Theodore Roosevelt Gets His Own Island

The most unusual memorial to a president in Washington, DC is the one to our 26th chief executive. Theodore Roosevelt gets an entire island to his memory. Located in the Potomac River between Georgetown and Rosslyn, Va., Theodore Roosevelt Island is a fitting tribute to this president who ensured so much of America’s natural beauty is preserved for all time.

The memorial is large, maybe too large for a pastoral setting. Teddy is depicted in one of his familiar poses – exhorting his audience on to greater things. But its place in front of this monolith in this large plaza does give it an unfortunate feel of a socialist realism piece. But its size and the way it dominates the space is keeping with Teddy’s personality.

The island was the last refuge for the Nacotchtank Indians. They lived at various places in what is now Washington, DC. They were traders, farmers, and hunters. And probably lived around here for 500 years. Capt. John Smith records being well received by them as he explored this area in 1608. But after contact with Europeans, they were decimated by deicseas, fighting, and having their territory taken by settlers. After they left the island, they were absorbed into other tribes.

From there the island was claimed outright by English settlers. One of which was George Mason III, father of the George Mason of constitutional convention fame, who acquires it in 1724. The Masons build a large mansion on the Island, and it stayed in that family until 1842.

During the civil war the army takes over the island and uses it to train the First US Colored Infantry Regiment. Toward the end of the war the island houses more than 1,200 former enslaved people under the authority of the Freedmen’s Bureau.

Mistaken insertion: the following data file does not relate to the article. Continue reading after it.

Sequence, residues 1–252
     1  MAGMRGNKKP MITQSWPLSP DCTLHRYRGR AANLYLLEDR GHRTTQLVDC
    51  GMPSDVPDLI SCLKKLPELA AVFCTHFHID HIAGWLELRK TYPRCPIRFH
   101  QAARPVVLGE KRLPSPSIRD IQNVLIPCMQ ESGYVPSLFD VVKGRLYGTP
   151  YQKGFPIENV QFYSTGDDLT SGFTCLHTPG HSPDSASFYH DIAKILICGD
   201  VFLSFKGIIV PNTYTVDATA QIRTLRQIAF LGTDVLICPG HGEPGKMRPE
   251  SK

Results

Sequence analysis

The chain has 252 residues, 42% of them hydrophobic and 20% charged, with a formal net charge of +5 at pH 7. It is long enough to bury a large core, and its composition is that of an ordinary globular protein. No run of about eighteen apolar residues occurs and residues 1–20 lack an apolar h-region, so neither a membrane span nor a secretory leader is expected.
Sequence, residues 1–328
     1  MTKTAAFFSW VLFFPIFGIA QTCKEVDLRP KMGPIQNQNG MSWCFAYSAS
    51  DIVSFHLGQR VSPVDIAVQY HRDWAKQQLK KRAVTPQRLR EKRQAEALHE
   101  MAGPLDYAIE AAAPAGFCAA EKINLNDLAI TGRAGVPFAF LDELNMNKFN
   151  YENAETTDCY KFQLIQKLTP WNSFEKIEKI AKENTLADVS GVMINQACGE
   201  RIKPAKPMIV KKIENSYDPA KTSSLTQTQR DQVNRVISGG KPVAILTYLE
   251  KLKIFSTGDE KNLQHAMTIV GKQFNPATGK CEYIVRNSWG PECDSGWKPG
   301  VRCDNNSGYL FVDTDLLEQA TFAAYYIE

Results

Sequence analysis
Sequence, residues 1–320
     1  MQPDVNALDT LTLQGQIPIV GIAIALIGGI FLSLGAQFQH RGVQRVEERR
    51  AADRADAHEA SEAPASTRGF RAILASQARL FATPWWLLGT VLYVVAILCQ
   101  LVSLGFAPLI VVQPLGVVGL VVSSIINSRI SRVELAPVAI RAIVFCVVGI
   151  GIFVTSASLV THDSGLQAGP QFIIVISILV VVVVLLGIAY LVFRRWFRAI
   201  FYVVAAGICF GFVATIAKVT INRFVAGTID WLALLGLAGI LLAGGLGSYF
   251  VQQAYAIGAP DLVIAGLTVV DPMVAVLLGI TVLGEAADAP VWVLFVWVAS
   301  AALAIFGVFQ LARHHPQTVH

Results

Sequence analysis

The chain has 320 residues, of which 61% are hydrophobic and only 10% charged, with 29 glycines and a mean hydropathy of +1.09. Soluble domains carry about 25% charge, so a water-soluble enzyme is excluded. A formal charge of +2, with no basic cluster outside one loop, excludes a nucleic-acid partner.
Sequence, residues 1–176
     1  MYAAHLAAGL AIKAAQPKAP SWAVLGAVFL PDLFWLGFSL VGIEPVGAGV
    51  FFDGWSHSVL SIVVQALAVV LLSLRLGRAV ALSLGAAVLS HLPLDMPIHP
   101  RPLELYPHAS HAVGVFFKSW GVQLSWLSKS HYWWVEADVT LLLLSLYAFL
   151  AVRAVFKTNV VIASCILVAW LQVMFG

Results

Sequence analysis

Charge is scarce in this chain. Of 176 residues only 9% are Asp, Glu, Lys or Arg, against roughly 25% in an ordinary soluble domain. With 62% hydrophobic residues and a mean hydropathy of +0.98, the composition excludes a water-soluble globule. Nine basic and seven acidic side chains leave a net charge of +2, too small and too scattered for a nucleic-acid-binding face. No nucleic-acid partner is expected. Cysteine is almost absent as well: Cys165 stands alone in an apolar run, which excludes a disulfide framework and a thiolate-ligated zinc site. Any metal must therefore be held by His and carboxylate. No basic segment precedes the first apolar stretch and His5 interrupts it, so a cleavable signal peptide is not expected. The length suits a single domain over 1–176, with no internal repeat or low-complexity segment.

In 1931 the Theodore Roosevelt Memorial Association purchased the island but it’s not until 1967 that this memorial is dedicated.

Duration
3 hours
Group Size
1 to 8

Arlington National Cemetery: The Work of the Dead

Every working day more than twenty Americans who sacrificed for their country are buried at Arlington National Cemetery.  On this tour we learn that while Arlington's dead rest in peace, they are always working.  Here we will explore how people from every background remind us of our heritage and our responsibility to one another.

from
250 USD
Duration
2 hours 30 minutes
Group Size
1 to 8

Hidden on Capitol Hill

Few people think beyond the Capitol when they think of the Hill. This tour takes you to the heart of a neighborhood with a fascinating history that still speaks to us today. Learn about these famous locations from a former Capitol Hill resident.

from
250 USD
Duration
2 hours 30 minutes
Group Size
1 to 8

Embassy Row: Divinity & Diplomats

Most Embassy Row tours don’t venture far beyond Dupont Circle. But ours does. We see it all from top to bottom. This stretch of Massachusetts Avenue used to be called Millionaires Row where Gilded Age robber-barons built grand mansions. Today those mansions house most of Washington’s embassies, along with private clubs and statues of world heroes such as Mandela, Gandhi, and Churchill – and we will be right in the heart of it.

from
250 USD